The Oct. 7 decision of the Supreme Court of the Maldives to annul the results of the presidential election held a month prior appears to be an attempt to avert the predictable win of ousted President Mohamed Nasheed, a liberal Muslim fighting a lonely battle against powerful conservative forces.
Nasheed secured 45.45 percent of the vote, just short of an outright victory. The second-place candidate, Abdulla Yameen, the half-brother of former longtime dictatorial President Maumoon Gayoom, received 25.35 percent. The other two candidates, resort tycoon Qasim Ibrahim and incumbent President Mohamed Waheed got 24 percent and 5 percent of the vote respectively. ...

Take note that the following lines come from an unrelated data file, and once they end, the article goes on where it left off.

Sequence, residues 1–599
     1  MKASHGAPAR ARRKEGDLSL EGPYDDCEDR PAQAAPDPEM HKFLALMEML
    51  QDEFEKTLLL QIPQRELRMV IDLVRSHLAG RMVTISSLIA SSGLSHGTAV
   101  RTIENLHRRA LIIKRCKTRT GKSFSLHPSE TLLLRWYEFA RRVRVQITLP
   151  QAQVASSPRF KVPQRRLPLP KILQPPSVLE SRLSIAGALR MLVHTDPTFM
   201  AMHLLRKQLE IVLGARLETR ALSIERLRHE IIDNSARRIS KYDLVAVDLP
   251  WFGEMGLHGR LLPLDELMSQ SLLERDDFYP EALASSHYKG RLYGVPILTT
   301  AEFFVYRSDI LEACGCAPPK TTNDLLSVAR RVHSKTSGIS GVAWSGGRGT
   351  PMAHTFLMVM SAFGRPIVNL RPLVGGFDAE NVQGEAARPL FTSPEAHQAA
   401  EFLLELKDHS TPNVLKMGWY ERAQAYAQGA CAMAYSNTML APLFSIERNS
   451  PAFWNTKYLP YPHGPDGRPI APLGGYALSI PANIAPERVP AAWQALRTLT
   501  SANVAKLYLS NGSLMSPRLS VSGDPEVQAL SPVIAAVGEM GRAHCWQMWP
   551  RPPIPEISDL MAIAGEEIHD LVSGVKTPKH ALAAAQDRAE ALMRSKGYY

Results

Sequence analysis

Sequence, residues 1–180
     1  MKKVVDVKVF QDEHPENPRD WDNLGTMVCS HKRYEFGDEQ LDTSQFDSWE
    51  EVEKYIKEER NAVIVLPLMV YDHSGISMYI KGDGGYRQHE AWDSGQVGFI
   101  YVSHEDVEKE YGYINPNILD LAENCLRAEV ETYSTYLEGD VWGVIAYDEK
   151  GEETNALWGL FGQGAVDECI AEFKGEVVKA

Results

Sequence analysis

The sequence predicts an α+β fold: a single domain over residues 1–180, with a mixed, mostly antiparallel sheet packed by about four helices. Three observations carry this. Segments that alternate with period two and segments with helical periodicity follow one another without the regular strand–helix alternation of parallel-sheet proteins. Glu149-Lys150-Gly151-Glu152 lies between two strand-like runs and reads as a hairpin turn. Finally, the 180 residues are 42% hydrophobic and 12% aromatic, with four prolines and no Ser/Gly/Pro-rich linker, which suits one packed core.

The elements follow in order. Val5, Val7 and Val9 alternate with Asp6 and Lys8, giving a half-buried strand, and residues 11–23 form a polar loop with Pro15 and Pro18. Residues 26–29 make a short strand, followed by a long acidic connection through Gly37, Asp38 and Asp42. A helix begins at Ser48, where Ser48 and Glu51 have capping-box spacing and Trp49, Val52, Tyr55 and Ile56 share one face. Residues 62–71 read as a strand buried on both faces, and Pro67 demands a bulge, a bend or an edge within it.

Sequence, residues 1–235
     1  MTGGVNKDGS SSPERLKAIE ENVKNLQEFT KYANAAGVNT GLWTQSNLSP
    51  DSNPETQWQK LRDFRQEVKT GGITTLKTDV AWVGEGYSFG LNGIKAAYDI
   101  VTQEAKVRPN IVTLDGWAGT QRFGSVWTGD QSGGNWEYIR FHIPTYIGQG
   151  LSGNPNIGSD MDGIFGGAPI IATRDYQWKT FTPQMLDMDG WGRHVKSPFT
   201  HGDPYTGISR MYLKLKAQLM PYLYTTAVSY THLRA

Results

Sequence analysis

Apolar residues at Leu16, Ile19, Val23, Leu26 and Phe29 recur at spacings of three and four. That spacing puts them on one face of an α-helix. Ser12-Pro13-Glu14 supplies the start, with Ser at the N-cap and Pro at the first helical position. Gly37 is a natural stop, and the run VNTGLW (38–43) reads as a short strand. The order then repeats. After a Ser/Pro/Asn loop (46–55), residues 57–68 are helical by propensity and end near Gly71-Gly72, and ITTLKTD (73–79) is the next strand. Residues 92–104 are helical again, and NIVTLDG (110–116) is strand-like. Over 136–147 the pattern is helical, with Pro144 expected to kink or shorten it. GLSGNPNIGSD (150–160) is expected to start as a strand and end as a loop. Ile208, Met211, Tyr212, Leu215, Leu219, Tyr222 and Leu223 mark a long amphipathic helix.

To read the rest, sign up to try World Politics Review
- TWO WEEKS FREE.
- Cancel any time.
- After two weeks, just $11.99 monthly or $94.99/year.
Request a free trial for your office or school. Everyone at a given site can get access through our institutional subscriptions.
- Diplomatic Fallout: Bold or Not, Next U.N. Secretary-General Faces World of Pain
- After U.S.-China Climate Deal, India Feels the Heat on Growing Emissions
- Global Insights: Hagel Launches New U.S. Defense Initiatives to Address Old Problems
- Japan’s Abe Risks Elections to Seek Mandate on Economic Policies
- The Realist Prism: Weakened by Midterms at Home, Obama Faces Credibility Gap Abroad